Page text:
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Topic: Why is the millis function keeping track of time as intended in Project #8? (Read 936 times) previous topic - next topic

Kencephalon

The Arduino Projects Book states that loop() runs continuously after setup() has completed.( I intepret this as finishing all the code writtin within the curly braces, and then starting again from the top).

However, in project #8, Digital Hourglass, the book uses the millis() function to keep track of the amount of time that has passed.

Code Extract

Code: [Select]
void loop() {
   unsigned long currentTime = millis();
   //more code....
}


In the code shouldnt above, shouldn't the currentTime be placed outside the loop() function as a global variable instead of being declared inside the loop() function? I say this because in the example aboce, wouldn't the variable currentTime be reset everytime the loop() has finished one iteration(i.e it reaches the last line and starts over again.)

However, the code works perfectly with currentTime() inside the loop() function, doesn't work if i declare currentTime as a global variable outside loop() and setup(), and will not work if declared in setup() as i will get an error saying that currentTime was not declared in this scope and i can't seem to figure out why..?

Any clarifications would be greatly appreciated.

EDIT:(Full Code)

Code: [Select]
const int switchPin = 8;
unsigned long previousTime = 0;
int switchState = 0;
int prevSwitchState = 0;
int led = 2;
long interval = 60000;

void setup(){
  for(int x = 2;x<8;x++)
  {
    pinMode(x,OUTPUT);
  }
  pinMode(switchPin,INPUT);
}

void loop(){
  unsigned long currentTime = millis();
 
  if(currentTime - previousTime >interval){
    previousTime = currentTime;
    digitalWrite(led,HIGH);
    led++;
  }
  if(led == 7){
  //What happens when all the leds light up
  }
  switchState=digitalRead(switchPin);
  if(switchState != prevSwitchState){
    for(int x = 2;x<8;x++){
      digitalWrite(x,LOW);
    }
    led=2;
    previousTime = currentTime;
  }
  prevSwitchState = switchState;
}

Grumpy_Mike

What you say is right. But as I don't have access to the code I can't say why it is working or indeed what it is doing. If you posted all the code maybe I could come up with a better answer for you.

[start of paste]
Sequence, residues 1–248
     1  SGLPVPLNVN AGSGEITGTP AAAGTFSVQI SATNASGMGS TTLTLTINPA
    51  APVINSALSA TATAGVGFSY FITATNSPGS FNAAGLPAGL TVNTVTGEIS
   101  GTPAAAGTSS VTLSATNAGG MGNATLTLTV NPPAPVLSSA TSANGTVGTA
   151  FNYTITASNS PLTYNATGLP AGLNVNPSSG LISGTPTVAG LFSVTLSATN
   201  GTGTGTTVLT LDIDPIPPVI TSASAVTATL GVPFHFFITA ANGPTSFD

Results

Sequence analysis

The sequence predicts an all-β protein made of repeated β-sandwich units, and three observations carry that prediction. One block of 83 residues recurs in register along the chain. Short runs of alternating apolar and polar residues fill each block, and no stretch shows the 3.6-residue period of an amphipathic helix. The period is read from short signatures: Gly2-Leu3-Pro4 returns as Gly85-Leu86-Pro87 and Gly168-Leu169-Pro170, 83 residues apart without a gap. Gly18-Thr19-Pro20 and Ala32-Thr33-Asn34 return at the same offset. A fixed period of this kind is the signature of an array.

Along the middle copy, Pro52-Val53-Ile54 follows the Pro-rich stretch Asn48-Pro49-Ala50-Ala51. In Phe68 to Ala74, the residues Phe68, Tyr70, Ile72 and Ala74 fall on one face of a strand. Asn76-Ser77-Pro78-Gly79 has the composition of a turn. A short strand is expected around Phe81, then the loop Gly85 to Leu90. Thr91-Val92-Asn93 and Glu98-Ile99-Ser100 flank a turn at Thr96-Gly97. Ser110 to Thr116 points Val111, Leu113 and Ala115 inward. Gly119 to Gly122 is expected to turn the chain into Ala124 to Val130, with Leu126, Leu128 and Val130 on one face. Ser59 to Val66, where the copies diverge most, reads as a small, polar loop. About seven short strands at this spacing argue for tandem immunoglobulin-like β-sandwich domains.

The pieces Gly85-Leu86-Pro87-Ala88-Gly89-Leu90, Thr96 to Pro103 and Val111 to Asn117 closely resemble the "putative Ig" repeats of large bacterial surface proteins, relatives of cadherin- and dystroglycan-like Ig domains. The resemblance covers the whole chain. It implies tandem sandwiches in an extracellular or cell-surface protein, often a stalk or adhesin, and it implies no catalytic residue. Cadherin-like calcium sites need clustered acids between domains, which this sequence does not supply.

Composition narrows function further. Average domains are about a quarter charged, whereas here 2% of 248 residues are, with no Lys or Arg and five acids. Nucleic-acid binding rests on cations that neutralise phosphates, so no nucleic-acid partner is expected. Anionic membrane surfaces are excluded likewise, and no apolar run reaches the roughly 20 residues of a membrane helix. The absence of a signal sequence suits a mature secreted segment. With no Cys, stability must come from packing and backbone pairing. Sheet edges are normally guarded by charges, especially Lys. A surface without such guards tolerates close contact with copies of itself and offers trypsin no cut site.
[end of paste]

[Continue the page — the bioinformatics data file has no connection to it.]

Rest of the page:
Kencephalon

Hi Mike,

I've edited my initial post to include all the code for the project =)

Grumpy_Mike

OK yes that variable is updated every time but that is what is supposed to happen because it compaires the current time with the previous time and it is that which is a global variable and only gets updated every time the interval time has elapsed.

Ask again if you don't understand that.

Kencephalon

Hi Mike, Thanks for taking the time to reply.

I've output the values of currentTime via Serial.println, and am seeing the values increasing, as it should.HOwever, what i'm wondering is why currentTime does not get set to 0 whenever the loop finishes one iteration?

Currently all i'm seeing is the value for currentTime increasing according to the time since it first started.

Grumpy_Mike

Quote
what i'm wondering is why currentTime does not get set to 0 whenever the loop finishes one iteration?

Because it is a total elapsed time counter that keeps track of the number of milliseconds since power was applied.
When you use it you should always use it in a relative way. That is by subtracting the time now from the time then to get an idea how long it has been since then.
It might seem odd to you at this stage but it is how most computer systems keep track of the time. It is much more flexible to do it this way and you can track the time over many many times round the loop. And not just for one time but for many different times.

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